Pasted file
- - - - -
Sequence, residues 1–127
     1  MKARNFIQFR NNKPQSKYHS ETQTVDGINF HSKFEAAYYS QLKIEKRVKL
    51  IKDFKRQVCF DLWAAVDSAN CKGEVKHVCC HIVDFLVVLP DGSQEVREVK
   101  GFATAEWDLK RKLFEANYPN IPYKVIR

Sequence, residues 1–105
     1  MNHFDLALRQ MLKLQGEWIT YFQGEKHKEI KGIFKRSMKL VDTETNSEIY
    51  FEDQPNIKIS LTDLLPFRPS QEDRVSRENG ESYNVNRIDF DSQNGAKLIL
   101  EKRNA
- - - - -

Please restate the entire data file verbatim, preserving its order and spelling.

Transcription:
Sequence, residues 1–127
     1  MKARNFIQFR NNKPQSKYHS ETQTVDGINF HSKFEAAYYS QLKIEKRVKL
    51  IKDFKRQVCF DLWAAVDSAN CKGEVKHVCC HIVDFLVVLP DGSQEVREVK
   101  GFATAEWDLK RKLFEANYPN IPYKVIR

Sequence, residues 1–105
     1  MNHFDLALRQ MLKLQGEWIT YFQGEKHKEI KGIFKRSMKL VDTETNSEIY
    51  FEDQPNIKIS LTDLLPFRPS QEDRVSRENG ESYNVNRIDF DSQNGAKLIL
   101  EKRNA